Real Estate Law FAQs

What is real estate law?

Real estate law governs laws and litigation which has to do with property - including buildings which are affixed to a particular piece of land. This might include homes, commercial property or other types of real estate.

If I have purchased a home and found that something inside the home was faulty when I purchased it, is there anything I can do about it?

Often times, the buyer will be offered a warranty policy by the real estate agency to cover certain losses incurred by that buyer. You should determine whether you were given or purchased a warranty policy at the time of the home purchase. If not, you may need to speak to a real estate law attorney.

If I am purchasing or selling a home, should I hire an attorney to oversee the process?

Since you will be signing contracts and a substantial amount of money will likely be involved, it is a good idea to hire an attorney to protect your interests and ensure that the entire process is legal and valid.

If I have purchased a home where the seller agreed to certain repairs and those repairs are not made, what should I do?

The first thing you should do is contact your real estate agent. It's possible that arrangements were made for the repairs that you're unaware of. If the seller has not made the repairs and has not planned for the repairs, you may have a real estate law case against the seller.

Business Law FAQs

What is Business Law?

Business Law is a very broad category. It encompasses everything from businesses that want to sell to collecting for goods/services rendered. In other words, it can be so complex that we're talking about collateralizing and UCC-1 financing statements, but it can be as simple as going to small claims for collections purposes. I've handled partnership disputes, the sale of a business gone bad, violations of non-compete agreements, breaches of contract, LLC formations, corporation formations, partnership agreements, buying and selling of businesses, collections, and insurance claims just to name a few. The term Business Law is so all encompassing, the best thing you can do is give me a call if you think you've got a Business Law problem. If it's not something I can help you with, I usually know someone who can.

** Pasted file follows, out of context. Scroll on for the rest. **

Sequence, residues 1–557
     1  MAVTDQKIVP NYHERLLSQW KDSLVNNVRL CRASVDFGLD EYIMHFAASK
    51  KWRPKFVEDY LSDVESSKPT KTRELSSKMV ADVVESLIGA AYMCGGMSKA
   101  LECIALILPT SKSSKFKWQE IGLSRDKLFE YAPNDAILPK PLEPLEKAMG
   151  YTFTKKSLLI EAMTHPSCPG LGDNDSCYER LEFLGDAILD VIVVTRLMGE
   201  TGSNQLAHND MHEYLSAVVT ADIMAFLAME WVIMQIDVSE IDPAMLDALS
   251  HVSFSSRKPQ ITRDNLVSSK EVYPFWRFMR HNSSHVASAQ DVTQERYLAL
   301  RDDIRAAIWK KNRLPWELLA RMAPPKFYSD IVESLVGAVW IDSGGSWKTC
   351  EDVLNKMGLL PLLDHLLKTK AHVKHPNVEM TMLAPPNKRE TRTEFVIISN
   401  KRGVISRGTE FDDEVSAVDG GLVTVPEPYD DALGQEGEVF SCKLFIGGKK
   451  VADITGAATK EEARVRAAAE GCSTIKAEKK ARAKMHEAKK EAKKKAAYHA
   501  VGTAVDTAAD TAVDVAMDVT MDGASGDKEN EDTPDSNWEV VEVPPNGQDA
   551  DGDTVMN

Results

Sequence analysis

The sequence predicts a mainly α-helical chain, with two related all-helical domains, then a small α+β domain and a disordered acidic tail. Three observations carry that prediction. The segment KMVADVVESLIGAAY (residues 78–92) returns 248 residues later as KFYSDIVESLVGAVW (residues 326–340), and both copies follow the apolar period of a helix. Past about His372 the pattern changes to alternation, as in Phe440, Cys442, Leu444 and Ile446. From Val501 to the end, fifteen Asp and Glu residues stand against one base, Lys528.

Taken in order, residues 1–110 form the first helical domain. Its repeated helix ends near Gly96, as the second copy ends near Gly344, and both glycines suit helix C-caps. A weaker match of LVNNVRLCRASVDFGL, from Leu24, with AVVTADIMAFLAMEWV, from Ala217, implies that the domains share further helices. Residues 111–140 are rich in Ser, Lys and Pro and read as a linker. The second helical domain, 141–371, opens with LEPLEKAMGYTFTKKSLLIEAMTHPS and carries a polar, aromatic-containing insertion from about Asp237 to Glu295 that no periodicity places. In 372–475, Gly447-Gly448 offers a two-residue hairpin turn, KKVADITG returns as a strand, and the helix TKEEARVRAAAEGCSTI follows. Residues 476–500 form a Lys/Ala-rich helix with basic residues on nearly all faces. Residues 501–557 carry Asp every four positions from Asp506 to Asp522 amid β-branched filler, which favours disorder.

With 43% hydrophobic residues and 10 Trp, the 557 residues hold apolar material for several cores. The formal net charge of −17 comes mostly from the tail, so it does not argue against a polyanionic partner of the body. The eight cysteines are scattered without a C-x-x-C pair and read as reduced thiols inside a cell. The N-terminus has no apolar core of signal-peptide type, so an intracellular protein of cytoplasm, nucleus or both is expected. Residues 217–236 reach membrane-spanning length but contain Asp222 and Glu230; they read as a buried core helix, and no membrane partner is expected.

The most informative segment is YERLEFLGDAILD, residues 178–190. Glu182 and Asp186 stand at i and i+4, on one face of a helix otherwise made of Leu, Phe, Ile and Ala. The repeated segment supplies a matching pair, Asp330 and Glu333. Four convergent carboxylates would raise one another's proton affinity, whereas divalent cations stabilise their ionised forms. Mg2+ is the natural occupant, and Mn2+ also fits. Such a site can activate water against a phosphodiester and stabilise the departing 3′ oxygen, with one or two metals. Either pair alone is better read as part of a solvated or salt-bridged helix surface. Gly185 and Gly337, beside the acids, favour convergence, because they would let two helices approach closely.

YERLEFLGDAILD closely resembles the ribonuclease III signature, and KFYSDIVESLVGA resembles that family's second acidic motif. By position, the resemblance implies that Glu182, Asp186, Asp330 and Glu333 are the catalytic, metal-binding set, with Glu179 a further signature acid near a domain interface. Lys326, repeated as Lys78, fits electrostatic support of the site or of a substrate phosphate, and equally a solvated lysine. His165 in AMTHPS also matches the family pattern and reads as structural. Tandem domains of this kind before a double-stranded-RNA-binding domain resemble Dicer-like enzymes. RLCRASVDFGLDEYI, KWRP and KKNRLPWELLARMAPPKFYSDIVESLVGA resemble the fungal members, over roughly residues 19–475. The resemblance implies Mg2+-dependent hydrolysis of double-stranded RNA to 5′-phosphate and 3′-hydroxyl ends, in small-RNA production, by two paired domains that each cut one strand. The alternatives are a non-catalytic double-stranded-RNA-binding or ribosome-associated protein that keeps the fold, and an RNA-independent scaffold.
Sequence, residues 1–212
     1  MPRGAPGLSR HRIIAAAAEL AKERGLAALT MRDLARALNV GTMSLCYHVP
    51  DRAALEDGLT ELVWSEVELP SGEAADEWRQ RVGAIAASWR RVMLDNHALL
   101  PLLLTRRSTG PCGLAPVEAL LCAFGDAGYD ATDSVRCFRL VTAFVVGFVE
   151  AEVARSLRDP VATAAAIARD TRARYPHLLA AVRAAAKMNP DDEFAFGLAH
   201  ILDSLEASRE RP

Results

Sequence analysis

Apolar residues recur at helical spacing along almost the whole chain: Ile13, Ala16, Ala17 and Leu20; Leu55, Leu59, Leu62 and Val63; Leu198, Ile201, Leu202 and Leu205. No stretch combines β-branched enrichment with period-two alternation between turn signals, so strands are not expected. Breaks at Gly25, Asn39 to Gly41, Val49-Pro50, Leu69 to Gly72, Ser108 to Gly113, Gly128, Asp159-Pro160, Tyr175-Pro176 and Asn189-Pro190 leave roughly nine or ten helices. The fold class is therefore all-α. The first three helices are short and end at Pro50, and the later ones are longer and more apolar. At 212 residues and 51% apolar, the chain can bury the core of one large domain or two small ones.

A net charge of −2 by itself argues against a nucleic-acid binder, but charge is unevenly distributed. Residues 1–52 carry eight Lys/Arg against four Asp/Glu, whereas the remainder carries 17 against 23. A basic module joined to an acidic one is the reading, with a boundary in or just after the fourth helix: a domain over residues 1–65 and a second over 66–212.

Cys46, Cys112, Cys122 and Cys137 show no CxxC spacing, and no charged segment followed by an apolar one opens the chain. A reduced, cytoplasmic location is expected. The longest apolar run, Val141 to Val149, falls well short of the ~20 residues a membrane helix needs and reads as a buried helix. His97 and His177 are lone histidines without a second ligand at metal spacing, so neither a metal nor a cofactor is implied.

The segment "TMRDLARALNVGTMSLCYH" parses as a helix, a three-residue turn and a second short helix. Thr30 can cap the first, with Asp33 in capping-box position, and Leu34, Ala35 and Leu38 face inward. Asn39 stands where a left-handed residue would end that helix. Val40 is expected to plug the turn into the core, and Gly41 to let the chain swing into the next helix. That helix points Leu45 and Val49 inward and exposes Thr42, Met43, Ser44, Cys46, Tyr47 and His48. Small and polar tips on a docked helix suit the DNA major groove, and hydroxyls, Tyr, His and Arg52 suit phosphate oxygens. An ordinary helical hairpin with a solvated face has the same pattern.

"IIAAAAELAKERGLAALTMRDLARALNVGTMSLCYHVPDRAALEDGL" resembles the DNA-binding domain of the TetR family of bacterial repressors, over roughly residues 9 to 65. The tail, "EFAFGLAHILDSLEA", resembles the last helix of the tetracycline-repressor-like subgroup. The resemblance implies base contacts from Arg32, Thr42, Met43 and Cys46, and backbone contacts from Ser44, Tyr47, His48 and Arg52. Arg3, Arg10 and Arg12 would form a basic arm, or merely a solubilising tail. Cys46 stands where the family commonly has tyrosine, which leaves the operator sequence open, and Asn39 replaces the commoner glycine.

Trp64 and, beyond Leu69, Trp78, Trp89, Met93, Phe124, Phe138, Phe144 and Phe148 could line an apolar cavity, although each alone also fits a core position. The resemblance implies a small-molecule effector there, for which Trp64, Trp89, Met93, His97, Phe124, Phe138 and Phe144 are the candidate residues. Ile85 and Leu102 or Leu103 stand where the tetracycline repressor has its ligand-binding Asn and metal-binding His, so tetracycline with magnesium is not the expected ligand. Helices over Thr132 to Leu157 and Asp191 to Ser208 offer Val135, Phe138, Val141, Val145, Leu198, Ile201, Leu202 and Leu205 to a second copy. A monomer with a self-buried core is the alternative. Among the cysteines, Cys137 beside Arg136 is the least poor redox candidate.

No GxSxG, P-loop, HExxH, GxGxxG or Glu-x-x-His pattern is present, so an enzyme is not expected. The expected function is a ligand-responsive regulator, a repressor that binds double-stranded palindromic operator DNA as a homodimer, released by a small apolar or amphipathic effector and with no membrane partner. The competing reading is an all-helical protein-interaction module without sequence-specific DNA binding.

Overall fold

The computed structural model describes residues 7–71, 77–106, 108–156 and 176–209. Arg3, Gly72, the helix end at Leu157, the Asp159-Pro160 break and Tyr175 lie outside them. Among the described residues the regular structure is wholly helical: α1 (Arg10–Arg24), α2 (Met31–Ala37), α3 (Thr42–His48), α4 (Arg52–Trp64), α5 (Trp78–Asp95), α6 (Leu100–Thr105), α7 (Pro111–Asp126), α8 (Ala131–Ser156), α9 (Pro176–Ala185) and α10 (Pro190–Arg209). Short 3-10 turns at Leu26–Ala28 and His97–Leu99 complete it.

Do I really need to hire an attorney?

Outside of small claims, a corporation or other entity cannot represent itself. If your corporation, LLC, or other entity needs to sue someone or is being sued you will need an attorney. Not sure if you need an attorney? Call for a FREE consultation.

What is liability minimization?

As your business ages and grows, it will be exposed to ever increasing liability. Simple math tells us that the more times you roll the dice, the more likely it is that your number will come up. Most of the time there are ways to minimize the risk to you and your business. Depending on the situation, an aggressive trial attorney can pierce right through your company and get to your personal assets. Likewise, most folks have no knowledge of the concepts of joint and several liability, vicarious liability, defacto partnerships, defacto corporations, apparent authority, joint venture liability, and several others that can get businesses in trouble. Liability minimization is the way you protect yourself should the unthinkable happen.

What should I do if I want to sell a portion of my business to someone else?"

Clearly, you need to contact an attorney. Simply accepting money from someone without anything in writing is very dangerous. Florida has certain presumptions when it comes to these circumstances. Some of the presumptions might favor you. Some of the presumptions might be more favorable to the buyer. You need a written agreement that defines what is being sold so everyone knows where they stand.

What can I do if a vendor of mine failed to deliver everything I paid for?

In most cases, I will ask that you send the invoice, bill of sale, bill of lading, or other documents associated with the transaction. After I review the documents, we discuss two options. We send a letter and if we get nowhere, we sue. In other situations, we just file a law suit. The letter works less and less these days. More and more, I find myself having to file suit. I've started recommending against writing a letter in some instances. The basic lawsuit is breach of contract. It sounds simple enough. After all, you didn't get what you paid for. However, the defendant always complicates things with excuses. They'll claim you are lying, you broke the goods, the goods were stolen by someone else, or the most common excuse; there's nothing wrong with what was delivered.